Q: With regards to Goran Dragic's pending free agency, I am convinced he wants to be with the Heat long term. He respects the organization, and the opportunity to play with two bigs such as Chris Bosh and Hassan Whiteside will override any trepidation he feels about Dwyane Wade's knees. More of a concern might be Wade's willingness (or lack thereof) to defer to Dragic at end of games. However, at the end of the day, both are high-IQ players and will work that out. What I am most interested in is seeing if Pat Riley can convince Dragic to accept a contract in the neighborhood of five years, $85 million, as opposed to five years, $100 million? After all, the Lakers and Knicks can only offer four years, $80 million, and Dragic might only be a $5 million-a-year player in his age-33 season. Plus, no state income tax in Florida. -- Morris.
A: You reasoning and logic are sound, and perhaps Goran and his agent already signed off on a verbal agreement when the trade was completed. Otherwise the reality is that Riley dealt two potential lottery picks and absolutely has to re-sign Dragic, or else the steal of the trading deadline turns into something closer to a disaster. Dragic's agent knows that. So in that situation, if you were the agent, wouldn't you demand the absolute maximum? As always, who blinks could be a part of the equation.
Q: I like Josh McRoberts' attitude. He knows how good the Heat can be next season and can't wait. So let him heal up and leave him alone. -- Sid.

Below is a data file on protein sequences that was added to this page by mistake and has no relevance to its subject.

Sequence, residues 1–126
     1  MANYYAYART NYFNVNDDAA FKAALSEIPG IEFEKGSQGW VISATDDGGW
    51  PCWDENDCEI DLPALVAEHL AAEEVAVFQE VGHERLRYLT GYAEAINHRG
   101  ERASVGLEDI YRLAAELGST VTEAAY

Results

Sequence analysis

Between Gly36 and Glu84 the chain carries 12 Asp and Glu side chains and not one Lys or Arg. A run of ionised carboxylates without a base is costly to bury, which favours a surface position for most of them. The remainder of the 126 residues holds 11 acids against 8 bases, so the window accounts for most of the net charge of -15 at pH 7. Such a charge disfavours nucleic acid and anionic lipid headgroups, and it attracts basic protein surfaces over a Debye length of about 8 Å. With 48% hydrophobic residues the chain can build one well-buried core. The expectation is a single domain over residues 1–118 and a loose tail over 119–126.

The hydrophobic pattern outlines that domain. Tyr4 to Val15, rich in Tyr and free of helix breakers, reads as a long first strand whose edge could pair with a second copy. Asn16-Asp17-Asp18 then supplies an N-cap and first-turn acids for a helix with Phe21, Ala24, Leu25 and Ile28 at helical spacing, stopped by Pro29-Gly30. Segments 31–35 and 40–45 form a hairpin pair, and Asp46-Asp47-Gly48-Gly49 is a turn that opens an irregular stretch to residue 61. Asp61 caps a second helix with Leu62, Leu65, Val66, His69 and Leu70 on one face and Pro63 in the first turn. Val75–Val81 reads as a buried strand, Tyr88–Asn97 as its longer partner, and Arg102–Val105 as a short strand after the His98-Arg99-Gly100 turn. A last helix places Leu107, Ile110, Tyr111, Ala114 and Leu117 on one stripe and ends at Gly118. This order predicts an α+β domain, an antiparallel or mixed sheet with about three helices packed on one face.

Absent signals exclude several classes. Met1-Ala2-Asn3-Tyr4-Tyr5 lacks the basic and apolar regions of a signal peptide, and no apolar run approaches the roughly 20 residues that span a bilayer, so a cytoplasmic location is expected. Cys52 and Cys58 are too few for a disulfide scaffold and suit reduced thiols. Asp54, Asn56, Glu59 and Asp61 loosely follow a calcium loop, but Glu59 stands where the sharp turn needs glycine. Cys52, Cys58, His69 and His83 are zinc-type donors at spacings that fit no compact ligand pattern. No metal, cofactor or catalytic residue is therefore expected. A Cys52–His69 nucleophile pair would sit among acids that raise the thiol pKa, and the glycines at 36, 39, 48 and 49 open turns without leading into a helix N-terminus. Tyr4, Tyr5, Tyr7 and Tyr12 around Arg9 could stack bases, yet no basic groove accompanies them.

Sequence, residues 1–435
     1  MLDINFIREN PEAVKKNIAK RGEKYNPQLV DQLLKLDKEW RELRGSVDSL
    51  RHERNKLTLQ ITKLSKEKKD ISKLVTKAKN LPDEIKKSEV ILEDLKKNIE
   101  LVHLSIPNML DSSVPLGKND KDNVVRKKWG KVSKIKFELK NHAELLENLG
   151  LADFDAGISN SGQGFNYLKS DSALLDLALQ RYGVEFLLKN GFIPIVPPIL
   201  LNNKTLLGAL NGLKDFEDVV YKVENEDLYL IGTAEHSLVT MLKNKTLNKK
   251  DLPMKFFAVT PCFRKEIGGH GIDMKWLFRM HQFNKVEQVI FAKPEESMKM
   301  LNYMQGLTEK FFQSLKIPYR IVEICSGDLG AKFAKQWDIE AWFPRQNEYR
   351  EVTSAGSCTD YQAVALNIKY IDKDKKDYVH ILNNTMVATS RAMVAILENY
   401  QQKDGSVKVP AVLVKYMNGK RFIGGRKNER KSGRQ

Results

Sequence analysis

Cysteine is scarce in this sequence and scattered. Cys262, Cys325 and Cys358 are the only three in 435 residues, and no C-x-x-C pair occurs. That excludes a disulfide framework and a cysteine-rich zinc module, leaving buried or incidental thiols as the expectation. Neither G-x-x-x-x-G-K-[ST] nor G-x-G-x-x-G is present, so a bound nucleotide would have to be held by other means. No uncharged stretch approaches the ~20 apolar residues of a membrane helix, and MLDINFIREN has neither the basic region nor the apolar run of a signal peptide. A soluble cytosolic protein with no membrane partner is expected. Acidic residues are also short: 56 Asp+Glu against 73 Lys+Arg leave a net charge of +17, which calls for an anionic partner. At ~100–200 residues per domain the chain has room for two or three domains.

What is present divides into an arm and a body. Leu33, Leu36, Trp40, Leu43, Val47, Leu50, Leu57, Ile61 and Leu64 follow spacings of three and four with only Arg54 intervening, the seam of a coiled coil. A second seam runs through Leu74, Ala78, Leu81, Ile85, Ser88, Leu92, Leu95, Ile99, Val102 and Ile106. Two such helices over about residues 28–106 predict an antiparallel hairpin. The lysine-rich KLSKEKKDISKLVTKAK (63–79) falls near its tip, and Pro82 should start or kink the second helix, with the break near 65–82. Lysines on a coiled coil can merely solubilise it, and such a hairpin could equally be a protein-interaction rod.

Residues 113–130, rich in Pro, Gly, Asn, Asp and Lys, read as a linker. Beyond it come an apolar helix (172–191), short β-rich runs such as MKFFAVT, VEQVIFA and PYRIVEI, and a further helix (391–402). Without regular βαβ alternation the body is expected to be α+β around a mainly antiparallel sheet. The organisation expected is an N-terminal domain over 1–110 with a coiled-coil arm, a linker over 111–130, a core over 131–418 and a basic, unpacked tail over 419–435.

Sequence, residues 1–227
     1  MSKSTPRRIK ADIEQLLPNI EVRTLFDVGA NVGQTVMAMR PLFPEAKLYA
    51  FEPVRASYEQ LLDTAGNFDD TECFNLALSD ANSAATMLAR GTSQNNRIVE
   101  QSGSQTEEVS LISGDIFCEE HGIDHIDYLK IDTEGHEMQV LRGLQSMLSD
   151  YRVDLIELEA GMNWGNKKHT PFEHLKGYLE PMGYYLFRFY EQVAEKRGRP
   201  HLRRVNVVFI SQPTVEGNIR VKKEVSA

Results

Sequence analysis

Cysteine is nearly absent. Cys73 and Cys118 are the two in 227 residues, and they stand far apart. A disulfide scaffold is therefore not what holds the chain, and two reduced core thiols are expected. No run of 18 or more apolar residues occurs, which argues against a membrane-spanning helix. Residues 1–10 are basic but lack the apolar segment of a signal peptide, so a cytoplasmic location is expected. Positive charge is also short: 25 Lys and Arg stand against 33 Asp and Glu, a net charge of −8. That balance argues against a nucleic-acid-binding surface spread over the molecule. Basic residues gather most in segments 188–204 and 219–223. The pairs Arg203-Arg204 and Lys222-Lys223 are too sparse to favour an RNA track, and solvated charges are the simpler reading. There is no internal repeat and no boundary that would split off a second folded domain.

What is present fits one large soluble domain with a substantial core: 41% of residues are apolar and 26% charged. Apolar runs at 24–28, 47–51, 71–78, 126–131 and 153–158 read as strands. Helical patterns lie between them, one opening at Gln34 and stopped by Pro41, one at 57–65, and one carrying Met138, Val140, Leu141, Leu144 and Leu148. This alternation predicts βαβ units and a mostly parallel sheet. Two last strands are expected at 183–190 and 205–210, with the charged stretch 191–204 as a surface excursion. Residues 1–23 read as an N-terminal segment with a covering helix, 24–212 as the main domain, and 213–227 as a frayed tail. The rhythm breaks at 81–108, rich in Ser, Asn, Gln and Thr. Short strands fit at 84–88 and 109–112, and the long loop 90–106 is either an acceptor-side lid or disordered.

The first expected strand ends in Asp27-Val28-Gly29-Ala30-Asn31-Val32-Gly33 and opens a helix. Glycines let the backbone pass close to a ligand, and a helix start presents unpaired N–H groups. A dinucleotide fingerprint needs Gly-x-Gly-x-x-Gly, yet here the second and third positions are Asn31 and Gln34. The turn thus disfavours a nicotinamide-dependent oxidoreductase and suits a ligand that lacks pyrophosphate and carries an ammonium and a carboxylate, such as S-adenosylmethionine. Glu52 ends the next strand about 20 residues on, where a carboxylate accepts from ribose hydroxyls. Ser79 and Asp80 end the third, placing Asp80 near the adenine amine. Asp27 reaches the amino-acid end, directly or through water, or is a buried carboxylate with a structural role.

A: First, I merely asked where he stood and asked him to compare his meniscus injury to those of Kemba Walker (who already has returned this season) and Derrick Rose (who is poised to return). That is all. He said his surgery was more complicated. Fine. That's what happens when you actually get the opportunity to ask a question directly, instead of speculating. That made Saturday's interview after shootaround a win-win. And I agree that it was refreshing to hear him talk about relishing the opportunity to play alongside Hassan Whiteside, Chris Bosh and Goran Dragic next season. But I still don't see the Heat going with a starting frontline of Whiteside, Bosh and McRoberts in 2015-16, because there simply is no one in such an equation to defend on the wing. That's why I'm still not sure that Pat Riley doesn't sit back, if Luol Deng doesn't opt out, and consider moving McRoberts for a wing. But if Josh is willing to play as a reserve, it could leave the Heat well stocked in the power rotation next season, with Birdman and Udonis Haslem also available.